Jean and Ernest Agard Evans, who moved to Switzerland during the golden age of Swiss tourism, may not have done any conquering but they were emblematic of an epoch.
Like other English travellers they were drawn to the Alps but, unlike the others, they stayed to make a living: extolling the virtues of Switzerland in their guidebooks.
An exhibition in the village of Bulle in canton Fribourg is showcasing, through the perspectives of Jean and Ernest Agard Evans, the passion English people had for Switzerland and the Alps at the end of the 19th century and the first half of 20th century.
The couple arrived in Lausanne in 1899 during the first period of mass tourism to Switzerland.
"Many English came and they weren't just aristocrats or rich members of the bourgeoisie," Christophe Mauron, the exhibition's curator told swissinfo.
"The Agard Evanses were alpinists, but by 1899 most of the Alps had already been conquered and in this they did not play a pioneering role."
While Jean and Ernest were not rich, they were far from being poor, according to their granddaughter, Stella Bonnet-Evans, who lives in nearby Gruyère.
"They were landed gentry and had a certain amount to live on, which came from a pretty high stipend from land in the north of England and Scotland. This enabled them to live in Switzerland more comfortably than in England because of a favourable exchange rate," she said.
But Ernest also worked for a living. He arrived in Switzerland with an idea: publishing guidebooks for English-speaking travellers.
His previous job was with a British company specialising in guides on firms and business hotels and his experience there inspired him to launch two types of guidebooks.
"Twentieth Century Health and Pleasure Resorts of Europe" was a compilation of hotel descriptions, which included commentary on transport, accommodation reviews and practical tips.
The other was a commercial guide for businessmen. The huge red leather tomes were modelled on the pioneering Murray Guides, the first modern guidebook series. They were later joined by pocket-sized guides.
For over 40 years, the guidebooks were published more or less at regular intervals. Financed by advertising, they were distributed free in England, the United States and New Zealand.
"To be mentioned in the books, you had to meet exacting standards in hygiene, hotel activities and leisure. My grandparents themselves stayed in these places – they always said that you got a better feel of the place when you slept there," Bonnet-Evans said.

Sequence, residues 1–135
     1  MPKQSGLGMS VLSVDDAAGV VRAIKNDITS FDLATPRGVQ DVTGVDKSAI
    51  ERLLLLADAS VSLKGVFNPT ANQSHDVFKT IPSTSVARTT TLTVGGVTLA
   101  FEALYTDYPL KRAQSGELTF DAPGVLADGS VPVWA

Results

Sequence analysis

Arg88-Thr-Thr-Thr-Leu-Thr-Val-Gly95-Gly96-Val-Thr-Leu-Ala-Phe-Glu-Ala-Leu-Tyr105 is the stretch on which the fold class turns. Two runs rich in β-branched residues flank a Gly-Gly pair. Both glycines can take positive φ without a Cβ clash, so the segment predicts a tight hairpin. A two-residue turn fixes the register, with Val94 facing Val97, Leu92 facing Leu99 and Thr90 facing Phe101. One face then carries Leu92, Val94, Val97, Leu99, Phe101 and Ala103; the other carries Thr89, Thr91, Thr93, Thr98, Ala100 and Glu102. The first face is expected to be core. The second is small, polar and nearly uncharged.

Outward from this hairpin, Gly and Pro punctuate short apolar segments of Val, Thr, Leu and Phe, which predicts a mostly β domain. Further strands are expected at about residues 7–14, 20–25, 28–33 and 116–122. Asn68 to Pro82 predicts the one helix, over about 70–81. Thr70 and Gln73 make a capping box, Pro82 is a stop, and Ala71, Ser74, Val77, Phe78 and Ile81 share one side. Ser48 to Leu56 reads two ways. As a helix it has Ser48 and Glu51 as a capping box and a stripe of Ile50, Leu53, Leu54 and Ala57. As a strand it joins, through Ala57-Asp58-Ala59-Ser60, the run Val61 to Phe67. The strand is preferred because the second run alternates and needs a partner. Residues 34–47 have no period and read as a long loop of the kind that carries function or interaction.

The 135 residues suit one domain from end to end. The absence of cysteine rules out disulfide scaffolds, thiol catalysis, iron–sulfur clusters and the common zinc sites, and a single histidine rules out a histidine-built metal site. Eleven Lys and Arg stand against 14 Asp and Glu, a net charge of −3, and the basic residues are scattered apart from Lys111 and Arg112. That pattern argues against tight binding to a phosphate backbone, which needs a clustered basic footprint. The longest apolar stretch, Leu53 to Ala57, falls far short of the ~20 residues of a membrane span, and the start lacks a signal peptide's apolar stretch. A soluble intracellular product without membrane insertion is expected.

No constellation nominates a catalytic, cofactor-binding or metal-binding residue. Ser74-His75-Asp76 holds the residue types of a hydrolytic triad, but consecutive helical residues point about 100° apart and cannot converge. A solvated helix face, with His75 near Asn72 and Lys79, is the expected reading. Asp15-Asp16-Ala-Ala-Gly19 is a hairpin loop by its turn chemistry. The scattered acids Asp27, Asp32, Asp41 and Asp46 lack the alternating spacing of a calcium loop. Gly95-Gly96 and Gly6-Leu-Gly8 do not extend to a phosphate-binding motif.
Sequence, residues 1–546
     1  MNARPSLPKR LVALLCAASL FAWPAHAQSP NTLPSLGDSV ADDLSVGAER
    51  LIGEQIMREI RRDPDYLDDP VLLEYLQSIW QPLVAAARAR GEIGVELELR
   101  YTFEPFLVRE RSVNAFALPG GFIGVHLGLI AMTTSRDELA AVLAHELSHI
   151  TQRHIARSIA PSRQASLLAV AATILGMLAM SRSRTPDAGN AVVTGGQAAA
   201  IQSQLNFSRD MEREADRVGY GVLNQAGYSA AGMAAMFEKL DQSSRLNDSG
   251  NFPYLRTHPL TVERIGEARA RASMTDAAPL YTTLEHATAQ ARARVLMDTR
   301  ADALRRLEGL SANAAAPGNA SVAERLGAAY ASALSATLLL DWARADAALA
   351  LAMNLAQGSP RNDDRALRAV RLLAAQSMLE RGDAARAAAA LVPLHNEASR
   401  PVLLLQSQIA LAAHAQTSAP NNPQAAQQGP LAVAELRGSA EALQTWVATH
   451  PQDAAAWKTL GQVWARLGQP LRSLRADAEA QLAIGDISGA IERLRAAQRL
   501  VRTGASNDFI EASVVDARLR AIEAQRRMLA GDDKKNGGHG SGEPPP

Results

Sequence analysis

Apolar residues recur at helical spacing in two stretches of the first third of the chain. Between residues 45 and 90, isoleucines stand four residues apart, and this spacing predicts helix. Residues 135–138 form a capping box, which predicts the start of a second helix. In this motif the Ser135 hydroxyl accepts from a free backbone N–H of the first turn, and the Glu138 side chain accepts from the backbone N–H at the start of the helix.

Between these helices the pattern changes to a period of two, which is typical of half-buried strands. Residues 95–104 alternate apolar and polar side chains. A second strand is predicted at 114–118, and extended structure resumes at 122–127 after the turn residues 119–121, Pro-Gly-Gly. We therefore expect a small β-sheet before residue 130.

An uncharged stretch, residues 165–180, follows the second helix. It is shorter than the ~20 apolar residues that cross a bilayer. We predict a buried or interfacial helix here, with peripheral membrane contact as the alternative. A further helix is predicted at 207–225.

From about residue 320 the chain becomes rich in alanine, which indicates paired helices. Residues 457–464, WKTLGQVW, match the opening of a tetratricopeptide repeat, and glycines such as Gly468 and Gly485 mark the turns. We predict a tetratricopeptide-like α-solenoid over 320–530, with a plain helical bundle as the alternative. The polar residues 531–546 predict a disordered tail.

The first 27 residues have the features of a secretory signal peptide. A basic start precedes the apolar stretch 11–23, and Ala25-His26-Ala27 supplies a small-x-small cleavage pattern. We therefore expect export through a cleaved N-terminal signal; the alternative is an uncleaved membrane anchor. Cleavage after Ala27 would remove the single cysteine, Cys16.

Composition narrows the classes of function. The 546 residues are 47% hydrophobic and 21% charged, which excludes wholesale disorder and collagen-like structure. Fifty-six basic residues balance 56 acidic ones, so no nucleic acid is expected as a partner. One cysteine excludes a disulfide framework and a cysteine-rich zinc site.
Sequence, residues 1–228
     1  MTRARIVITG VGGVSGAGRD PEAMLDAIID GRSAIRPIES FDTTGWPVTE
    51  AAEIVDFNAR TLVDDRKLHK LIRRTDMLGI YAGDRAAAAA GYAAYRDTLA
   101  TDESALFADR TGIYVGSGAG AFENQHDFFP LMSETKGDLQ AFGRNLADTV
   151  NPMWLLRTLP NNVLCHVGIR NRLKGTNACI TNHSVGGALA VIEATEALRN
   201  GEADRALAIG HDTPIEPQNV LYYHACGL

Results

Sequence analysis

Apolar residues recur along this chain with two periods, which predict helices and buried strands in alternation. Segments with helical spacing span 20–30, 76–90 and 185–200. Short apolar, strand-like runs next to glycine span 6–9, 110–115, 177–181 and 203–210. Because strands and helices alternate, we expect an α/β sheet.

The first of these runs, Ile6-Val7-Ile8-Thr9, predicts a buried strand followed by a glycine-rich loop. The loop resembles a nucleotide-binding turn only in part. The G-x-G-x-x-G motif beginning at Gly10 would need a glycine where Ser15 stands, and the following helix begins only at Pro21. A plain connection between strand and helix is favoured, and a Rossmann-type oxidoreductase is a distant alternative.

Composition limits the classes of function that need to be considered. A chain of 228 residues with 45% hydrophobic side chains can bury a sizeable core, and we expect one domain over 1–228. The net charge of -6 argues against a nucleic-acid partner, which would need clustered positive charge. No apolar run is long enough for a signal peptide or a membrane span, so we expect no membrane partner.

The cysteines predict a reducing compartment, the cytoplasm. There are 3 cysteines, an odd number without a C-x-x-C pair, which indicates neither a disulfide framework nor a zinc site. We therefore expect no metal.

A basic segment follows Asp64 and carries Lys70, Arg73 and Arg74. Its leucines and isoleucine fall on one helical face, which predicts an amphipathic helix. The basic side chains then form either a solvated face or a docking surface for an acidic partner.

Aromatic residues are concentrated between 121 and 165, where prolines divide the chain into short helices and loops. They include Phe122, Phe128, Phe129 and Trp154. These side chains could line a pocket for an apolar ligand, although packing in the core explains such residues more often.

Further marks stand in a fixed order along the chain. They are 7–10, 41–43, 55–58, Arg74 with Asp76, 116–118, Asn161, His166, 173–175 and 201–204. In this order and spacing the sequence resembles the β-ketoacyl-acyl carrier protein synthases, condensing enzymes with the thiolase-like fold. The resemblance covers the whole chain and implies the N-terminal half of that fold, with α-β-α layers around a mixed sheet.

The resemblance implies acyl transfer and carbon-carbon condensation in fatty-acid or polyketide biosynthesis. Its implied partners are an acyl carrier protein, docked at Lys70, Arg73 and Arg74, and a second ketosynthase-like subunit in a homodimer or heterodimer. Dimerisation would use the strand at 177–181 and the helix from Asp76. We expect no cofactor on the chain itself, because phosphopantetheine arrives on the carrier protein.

Mauron points to a page in one of the guidebooks and then to a watercolour on a wall.
"Here's an entry on a Locarno hotel and there you have the watercolour that Jean painted of the view from her hotel window on the lake," he said.
Indeed a number of Jean's watercolours are on display, forming a pictorial diary of her life in Switzerland. Both Bonnet-Evans and Mauron concede that they are "photographic" in nature rather than showing great artistic talent.
That the couple led a charmed life among the Lausanne expat community is brought to life by a reconstruction of their salon.
"The intention is to show what an easy life [they initially had], with a busy social life, where friends met regularly, played bridge and took tea," Mauron explained.
Nearly all the furniture is original and was stored with other mementoes by the couple's descendants.
Also on display are a pair of skis from the Alpine Museum in Zermatt. A family rumour has it that Jean and Ernest introduced the skis to Switzerland after discovering them in Norway. They gifted them to Alexander Seiler, the famous Zermatt hotelier.
But life was not all rosy. The publishing industry was badly affected by the First World War and English travellers stopped coming to Switzerland.
The Agard Evanses' own son was sent to the front as a standard-bearer for Britain. He died in Iraq and the flag he carried, riddled with bullet holes, is on display.
swissinfo, Faryal Mirza in Bulle
The exhibition will run until October 2006 at the Gruyère Regional Museum in Bulle.
On display are a number of curiosities from the Agard Evanses' life, including photographs, Jean's watercolours, diaries and reconstructions of the salon and office of their Lausanne flat.
More of Jean's watercolours are being shown in Bulle's Trace Ecart Gallery in an accompanying exhibition.
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